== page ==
Syndromics: A Bioinformatics Approach for Neurotrauma Research

Adam R. Ferguson, Ellen D. Stück, Jessica L. Nielson

Research output: Contribution to journalReview articlepeer-review

26 Scopus citations


Substantial scientific progress has been made in the past 50 years in delineating many of the biological mechanisms involved in the primary and secondary injuries following trauma to the spinal cord and brain. These advances have highlighted numerous potential therapeutic approaches that may help restore function after injury. Despite these advances, bench-to-bedside translation has remained elusive. Translational testing of novel therapies requires standardized measures of function for comparison across different laboratories, paradigms, and species. Although numerous functional assessments have been developed in animal models, it remains unclear how to best integrate this information to describe the complete translational "syndrome" produced by neurotrauma. The present paper describes a multivariate statistical framework for integrating diverse neurotrauma data and reviews the few papers to date that have taken an information-intensive approach for basic neurotrauma research. We argue that these papers can be described as the seminal works of a new field that we call "syndromics", which aim to apply informatics tools to disease models to characterize the full set of mechanistic inter-relationships from multi-scale data. In the future, centralized databases of raw neurotrauma data will enable better syndromic approaches and aid future translational research, leading to more efficient testing regimens and more clinically relevant findings.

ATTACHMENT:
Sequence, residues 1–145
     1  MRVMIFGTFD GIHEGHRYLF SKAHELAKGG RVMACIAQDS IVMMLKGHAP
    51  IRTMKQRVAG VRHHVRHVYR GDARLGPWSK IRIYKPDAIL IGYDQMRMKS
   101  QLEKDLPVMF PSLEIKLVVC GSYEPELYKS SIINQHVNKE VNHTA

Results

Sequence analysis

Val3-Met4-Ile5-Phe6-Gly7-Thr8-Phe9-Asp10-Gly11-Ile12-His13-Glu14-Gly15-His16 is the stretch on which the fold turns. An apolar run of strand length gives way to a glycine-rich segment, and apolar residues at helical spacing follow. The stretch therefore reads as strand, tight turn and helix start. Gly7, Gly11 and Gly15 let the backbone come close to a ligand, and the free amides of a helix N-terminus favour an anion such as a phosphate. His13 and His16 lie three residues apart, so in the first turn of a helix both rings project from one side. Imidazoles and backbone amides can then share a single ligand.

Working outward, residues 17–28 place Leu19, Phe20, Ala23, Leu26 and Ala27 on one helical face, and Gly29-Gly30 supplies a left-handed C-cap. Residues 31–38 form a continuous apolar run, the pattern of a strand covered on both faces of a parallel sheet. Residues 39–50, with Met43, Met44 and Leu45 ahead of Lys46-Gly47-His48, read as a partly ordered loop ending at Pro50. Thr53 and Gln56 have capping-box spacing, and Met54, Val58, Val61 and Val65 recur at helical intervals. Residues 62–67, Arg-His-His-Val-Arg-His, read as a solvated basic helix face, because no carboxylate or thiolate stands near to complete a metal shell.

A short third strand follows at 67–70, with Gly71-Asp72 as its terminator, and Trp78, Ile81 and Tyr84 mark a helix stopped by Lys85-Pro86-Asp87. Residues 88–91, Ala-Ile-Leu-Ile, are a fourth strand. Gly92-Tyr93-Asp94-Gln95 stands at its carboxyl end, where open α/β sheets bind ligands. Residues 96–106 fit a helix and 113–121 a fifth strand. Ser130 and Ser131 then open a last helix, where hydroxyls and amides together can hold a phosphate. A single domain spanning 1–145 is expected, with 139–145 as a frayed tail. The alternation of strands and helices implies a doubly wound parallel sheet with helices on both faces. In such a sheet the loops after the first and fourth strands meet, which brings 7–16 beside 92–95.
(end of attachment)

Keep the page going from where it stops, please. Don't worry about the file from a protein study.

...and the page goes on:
Original languageEnglish (US)
Pages (from-to)438-454
Number of pages17
JournalTranslational Stroke Research
Issue number4
StatePublished - Dec 2011
Externally publishedYes

Bibliographical note

Funding Information:
Acknowledgments The authors wish to thank Dr. Michael S. Beattie, Dr. Jacqueline C. Bresnahan, and Dr. J. Russell Huie for comments on an earlier version of this manuscript. This work was supported by National Institutes of Health (NIH) National Institute of Neurological Disorders and Stroke (NINDS) grants R01-NS069537 and R01-NS067092 to ARF.


  • Assessment
  • Multivariate statistics
  • Outcome measures
  • Spinal cord injury
  • Traumatic brain injury


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